Dave Collins
2004

>FWIW, I thought I'd share several techniques that my firm uses for
>rapid prototyping.

>1. Visio. Since all our IA schematics/wireframes originate in Visio,
>it's fairly easy to assign objects HTML links and export your Visio
>deck as HTML. This is a great way to also test your IA thinking on test
>audiences and conduct wireframe usability reviews. Adobe Illustrator
>and Macromedia Freehand can do similar stuff, but the true multi-page
>Visio environment is easier to manage.

I've been experimenting with using Visio as a lo-fi prototyping tool for
our software. I am having trouble getting it to do what I want, and
could use some pointers.

Eg: I put a button on-screen and activate it to go to page 2. I've tried
Object Behaviours and I've tried Hyperlinks. Since Visio likes to float
every page uniquely on the background, linking from one page to another
causes undesired jumpiness. I tried viewing fullscreen, but the
hyperlinks don't preserve full-screenness (full-screnity?) from page to
page. Why is it so difficult to do what I thought would be a commonly
desirable task?

Offline help would be fine if this is too focussed and off-topic for the
board, just give the word.

Thanks.

16 Jun 2004 - 2:31pm
david gee
2004

>FWIW, I thought I'd share several techniques that my firm uses for
>rapid prototyping.

>1. Visio. Since all our IA schematics/wireframes originate in Visio,
>it's fairly easy to assign objects HTML links and export your Visio
>deck as HTML. This is a great way to also test your IA thinking on test

>audiences and conduct wireframe usability reviews. Adobe Illustrator
>and Macromedia Freehand can do similar stuff, but the true multi-page
>Visio environment is easier to manage.

I've been using XML/XSLT/CSS recently, but the project called for some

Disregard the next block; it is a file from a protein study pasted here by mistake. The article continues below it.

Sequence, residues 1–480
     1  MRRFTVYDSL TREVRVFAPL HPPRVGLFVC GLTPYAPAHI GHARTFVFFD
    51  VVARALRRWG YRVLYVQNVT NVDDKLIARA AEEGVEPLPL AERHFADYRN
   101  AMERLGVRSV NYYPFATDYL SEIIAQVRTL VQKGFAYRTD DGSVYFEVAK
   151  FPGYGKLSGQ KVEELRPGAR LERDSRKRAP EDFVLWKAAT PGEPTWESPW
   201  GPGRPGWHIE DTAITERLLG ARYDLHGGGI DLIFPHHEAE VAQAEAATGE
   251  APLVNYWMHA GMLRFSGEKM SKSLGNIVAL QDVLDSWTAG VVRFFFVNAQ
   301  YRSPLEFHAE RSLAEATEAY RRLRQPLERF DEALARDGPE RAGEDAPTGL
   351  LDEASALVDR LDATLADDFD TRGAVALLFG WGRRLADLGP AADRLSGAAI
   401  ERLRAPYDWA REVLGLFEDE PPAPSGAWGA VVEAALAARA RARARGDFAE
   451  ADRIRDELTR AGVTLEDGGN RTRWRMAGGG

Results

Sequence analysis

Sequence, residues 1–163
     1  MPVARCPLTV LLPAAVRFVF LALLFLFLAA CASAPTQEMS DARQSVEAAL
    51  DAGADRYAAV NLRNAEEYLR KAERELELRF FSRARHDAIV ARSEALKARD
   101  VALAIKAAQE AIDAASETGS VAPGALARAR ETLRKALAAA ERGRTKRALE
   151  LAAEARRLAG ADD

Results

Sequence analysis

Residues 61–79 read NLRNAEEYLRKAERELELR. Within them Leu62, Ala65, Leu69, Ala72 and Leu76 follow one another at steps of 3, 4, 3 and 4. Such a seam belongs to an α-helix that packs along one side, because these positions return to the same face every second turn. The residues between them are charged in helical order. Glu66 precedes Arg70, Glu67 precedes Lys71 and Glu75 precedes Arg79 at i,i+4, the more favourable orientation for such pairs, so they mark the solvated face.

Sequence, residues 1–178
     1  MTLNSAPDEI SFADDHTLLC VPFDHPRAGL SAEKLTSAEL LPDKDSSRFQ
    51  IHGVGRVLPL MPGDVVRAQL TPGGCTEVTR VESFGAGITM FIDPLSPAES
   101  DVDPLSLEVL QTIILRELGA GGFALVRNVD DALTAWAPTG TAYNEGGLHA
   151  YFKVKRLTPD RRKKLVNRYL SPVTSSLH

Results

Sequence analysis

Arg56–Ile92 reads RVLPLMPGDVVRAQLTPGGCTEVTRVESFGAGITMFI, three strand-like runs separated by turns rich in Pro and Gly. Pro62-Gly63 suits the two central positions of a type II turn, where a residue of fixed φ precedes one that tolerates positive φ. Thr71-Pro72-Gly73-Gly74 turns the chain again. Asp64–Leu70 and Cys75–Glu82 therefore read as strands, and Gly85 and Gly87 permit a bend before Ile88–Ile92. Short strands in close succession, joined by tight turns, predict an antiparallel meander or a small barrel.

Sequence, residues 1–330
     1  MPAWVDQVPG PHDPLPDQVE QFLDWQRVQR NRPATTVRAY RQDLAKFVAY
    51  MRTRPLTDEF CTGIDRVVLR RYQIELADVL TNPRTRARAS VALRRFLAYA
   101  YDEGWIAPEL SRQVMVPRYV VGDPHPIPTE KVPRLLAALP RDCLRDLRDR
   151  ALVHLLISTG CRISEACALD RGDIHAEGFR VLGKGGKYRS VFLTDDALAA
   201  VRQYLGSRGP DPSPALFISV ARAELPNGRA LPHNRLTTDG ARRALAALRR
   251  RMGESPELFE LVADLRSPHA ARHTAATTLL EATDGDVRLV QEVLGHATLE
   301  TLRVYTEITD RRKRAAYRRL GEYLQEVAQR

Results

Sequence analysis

pretty complex interaction prototypes, with state being kept across
different pages. While the overhead in setting up the first round of
screens was a bit higher than doing it in Dreamweaver or Visio, it
enabled us to iterate through designs very quickly, without the "copy
and paste" overhead of having 50 different mockups with slight
variations in each. As I was keeping all the state info and dummy
content in the XML file, it was also very easy to switch it out with a
translated version to test the constraints of the design. As the visual
design was all implemented in CSS, it made it pretty simple to go from
very basic wireframe blocks to the final design.

David

16 Jun 2004 - 7:35pm
Jim Hoekema
2004

Dave Collins wrote:

> I've been experimenting with using Visio as a lo-fi prototyping tool for
> our software. I am having trouble getting it to do what I want, and
> could use some pointers.
>
> Eg: I put a button on-screen and activate it to go to page 2. I've tried
> Object Behaviours and I've tried Hyperlinks. Since Visio likes to float
> every page uniquely on the background, linking from one page to another
> causes undesired jumpiness. I tried viewing fullscreen, but the
> hyperlinks don't preserve full-screenness (full-screnity?) from page to
> page. Why is it so difficult to do what I thought would be a commonly
> desirable task?
>
> Offline help would be fine if this is too focussed and off-topic for the
> board, just give the word.
>

Keep it on the board! I'd like to know about using Visio interactively, too.

- Jim Hoekema
www.hoekema.com